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  • Edge 281: Our series about federated learning(FL) continues with an overview of cross-device FL, Google’s research about FL and differential privacy and the FedLab framework for FL simulation.

  • Edge 282: We deep dive into LangChain, the uber popular framework for LLM-based development.

The friction between open source and API-based distribution is one of the most interesting battles looming in the generative AI ecosystem. In the text-to-image domain, the release of Stable Diffusion clearly signaled that open source was a viable distribution mechanism for foundational models. However, the same cannot be said in the large language model (LLM) space, in which the biggest breakthroughs are coming from models like GPT-4, Claude, and Cohere, which are only available via APIs. The open source alternatives to these models haven’t shown the same level of performance, specifically in their ability to follow human instructions. However, an unexpected research breakthrough and a leaked release are starting to change that.

A few weeks ago, Meta AI announced Llama, an LLM designed to advance research in the space. Llama was released in different versions, including 7B, 13B, 33B, and 65B parameters, and despite being notoriously smaller than alternative models, was able to match the performance of GPT-3 across many tasks. Llama was not initially open-sourced, but a week after its release, the model was leaked on 4chan, sparking thousands of downloads.

What could have been seen as an unfortunate incident has become one of the most interesting sources of innovation in the LLM space in the last few weeks. Since the leak of Llama, we have seen an explosion of innovation in LLM agents built on it. Just to cite a few examples:Stanford University released Alpaca, an instruction following model based on LLama 7B model.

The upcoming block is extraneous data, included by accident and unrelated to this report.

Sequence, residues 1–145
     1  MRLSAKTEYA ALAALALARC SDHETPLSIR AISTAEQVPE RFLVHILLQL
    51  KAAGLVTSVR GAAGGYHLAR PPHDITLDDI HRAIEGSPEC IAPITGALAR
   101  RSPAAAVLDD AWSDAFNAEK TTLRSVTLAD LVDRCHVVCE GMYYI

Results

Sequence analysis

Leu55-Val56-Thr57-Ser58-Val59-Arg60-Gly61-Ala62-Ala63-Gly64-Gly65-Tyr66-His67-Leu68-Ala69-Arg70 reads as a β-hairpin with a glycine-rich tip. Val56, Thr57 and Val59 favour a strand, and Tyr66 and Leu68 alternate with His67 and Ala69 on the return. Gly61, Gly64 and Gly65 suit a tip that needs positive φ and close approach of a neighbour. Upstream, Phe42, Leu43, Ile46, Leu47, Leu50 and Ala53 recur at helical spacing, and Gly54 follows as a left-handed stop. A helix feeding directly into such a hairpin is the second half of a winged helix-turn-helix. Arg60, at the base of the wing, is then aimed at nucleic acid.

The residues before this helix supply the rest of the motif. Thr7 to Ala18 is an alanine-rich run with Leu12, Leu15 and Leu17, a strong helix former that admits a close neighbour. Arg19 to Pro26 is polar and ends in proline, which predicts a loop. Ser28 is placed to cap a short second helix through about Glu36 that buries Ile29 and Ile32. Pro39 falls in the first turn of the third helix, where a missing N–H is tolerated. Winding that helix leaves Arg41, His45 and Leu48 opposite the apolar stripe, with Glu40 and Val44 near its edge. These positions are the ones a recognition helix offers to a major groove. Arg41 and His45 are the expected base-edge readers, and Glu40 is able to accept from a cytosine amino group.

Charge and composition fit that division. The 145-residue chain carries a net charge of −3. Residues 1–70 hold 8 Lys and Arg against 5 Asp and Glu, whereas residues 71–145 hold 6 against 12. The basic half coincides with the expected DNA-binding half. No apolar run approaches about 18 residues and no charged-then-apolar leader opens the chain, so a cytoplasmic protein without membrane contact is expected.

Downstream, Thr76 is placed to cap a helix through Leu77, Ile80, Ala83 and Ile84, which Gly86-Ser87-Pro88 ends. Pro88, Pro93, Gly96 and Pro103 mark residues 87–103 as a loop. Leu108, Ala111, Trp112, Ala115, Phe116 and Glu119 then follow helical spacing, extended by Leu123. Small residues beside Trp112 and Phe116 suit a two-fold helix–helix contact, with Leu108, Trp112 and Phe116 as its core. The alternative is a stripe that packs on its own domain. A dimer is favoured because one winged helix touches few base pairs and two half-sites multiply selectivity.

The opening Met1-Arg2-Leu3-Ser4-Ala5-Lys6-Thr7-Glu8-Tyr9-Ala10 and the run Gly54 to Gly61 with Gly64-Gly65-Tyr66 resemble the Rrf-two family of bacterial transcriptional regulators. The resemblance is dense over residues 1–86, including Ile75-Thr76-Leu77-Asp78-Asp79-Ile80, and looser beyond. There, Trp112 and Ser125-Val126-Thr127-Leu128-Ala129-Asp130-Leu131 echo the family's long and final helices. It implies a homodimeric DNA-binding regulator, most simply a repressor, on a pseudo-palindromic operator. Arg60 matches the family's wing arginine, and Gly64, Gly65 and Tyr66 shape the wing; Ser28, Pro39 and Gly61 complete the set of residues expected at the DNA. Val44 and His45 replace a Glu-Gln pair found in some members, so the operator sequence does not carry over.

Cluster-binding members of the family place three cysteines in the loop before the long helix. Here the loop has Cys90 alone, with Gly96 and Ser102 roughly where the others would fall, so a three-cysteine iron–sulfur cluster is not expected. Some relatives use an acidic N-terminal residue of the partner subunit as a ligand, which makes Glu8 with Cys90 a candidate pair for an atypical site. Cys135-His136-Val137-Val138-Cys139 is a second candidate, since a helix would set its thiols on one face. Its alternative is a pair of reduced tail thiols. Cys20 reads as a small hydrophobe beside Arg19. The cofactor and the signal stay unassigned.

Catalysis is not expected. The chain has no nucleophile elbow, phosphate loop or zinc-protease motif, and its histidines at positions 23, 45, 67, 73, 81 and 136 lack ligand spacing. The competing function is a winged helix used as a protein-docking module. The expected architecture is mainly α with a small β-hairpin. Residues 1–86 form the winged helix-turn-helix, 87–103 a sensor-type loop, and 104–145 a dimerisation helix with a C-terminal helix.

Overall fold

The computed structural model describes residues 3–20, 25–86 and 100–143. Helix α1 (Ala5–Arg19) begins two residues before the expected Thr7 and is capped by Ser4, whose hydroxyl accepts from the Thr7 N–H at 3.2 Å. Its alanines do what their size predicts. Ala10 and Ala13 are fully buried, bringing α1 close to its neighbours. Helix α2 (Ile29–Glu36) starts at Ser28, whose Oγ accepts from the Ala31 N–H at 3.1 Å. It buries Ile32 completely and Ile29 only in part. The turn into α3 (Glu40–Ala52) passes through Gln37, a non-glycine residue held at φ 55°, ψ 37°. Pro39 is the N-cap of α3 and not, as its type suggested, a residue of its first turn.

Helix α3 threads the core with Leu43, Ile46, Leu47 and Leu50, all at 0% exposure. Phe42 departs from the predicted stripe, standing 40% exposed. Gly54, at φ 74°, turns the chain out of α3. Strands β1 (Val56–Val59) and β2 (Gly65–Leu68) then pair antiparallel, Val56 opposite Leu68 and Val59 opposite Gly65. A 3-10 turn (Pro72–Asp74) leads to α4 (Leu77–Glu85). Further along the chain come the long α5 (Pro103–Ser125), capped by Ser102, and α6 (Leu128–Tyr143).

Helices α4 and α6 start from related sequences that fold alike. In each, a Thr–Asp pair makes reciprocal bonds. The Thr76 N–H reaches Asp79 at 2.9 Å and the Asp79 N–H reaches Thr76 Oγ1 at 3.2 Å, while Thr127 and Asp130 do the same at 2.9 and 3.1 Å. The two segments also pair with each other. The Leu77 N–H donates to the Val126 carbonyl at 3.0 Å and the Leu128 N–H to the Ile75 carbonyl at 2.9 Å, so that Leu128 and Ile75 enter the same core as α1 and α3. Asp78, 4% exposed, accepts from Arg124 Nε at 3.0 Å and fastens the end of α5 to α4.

Several other projects are worth mentioning in this list, and I am sure more will be released soon. One thing is certain: the accidental leak of Llama might have turned out to be one of the biggest sparks of innovation in the open source LLM space.

OpenAI Safety

OpenAI published a detailed blog post outlining some of the principles used to ensure safety in their models. The post emphasize in areas such as privacy, factual accuracy and harmful content prevention which are essential for the wide adoption of foundation models —> Read more.


Bloomberg published a paper introducing BloombergGPT, a 50 billion LLM fine tuned in financial data. The model is based on BLOOM and fine tuned on a 363 billion token dataset —> Read more.

Segment Anything

Meta AI  published a paper outlining the Segment Anything Model(SAM), a large scale model for image segmentation. The model was open sourced together with Segment Anything 1-Billion mask dataset (SA-1B), the largest computer vision segmentation ever released —> Read more.


Berkeley AI Research(BAIR) released a paper detailing Koala, a dialogue model fine tuned for academic research. The model is based on Meta AI’s Llama and matches the performance of ChatGPT —> Read more.

Google Research published a paper that models hyperparameter optimization as a Bayesian optimization problem. The paper proposes Hyper BayesOpt, a hyperparameter optimization algorithm that removes the need quantifying model parameters for Gaussian processes in BayesOpt —> Read more.

Vicuna is an open source Chatbot based on Meta AI Llama which matches ChatGPT quality —> Read more.

The team from the Colossal-AI project open sourced ColossalChat, an open source clone of ChatGPT with RLHF capabilities —> Read more.

Linkedin discusses some of the lessons learned and best practices for building generative AI application —> Read more.

Lyft discusses the ML models and architecture used in their recommendation systems —> Read more.

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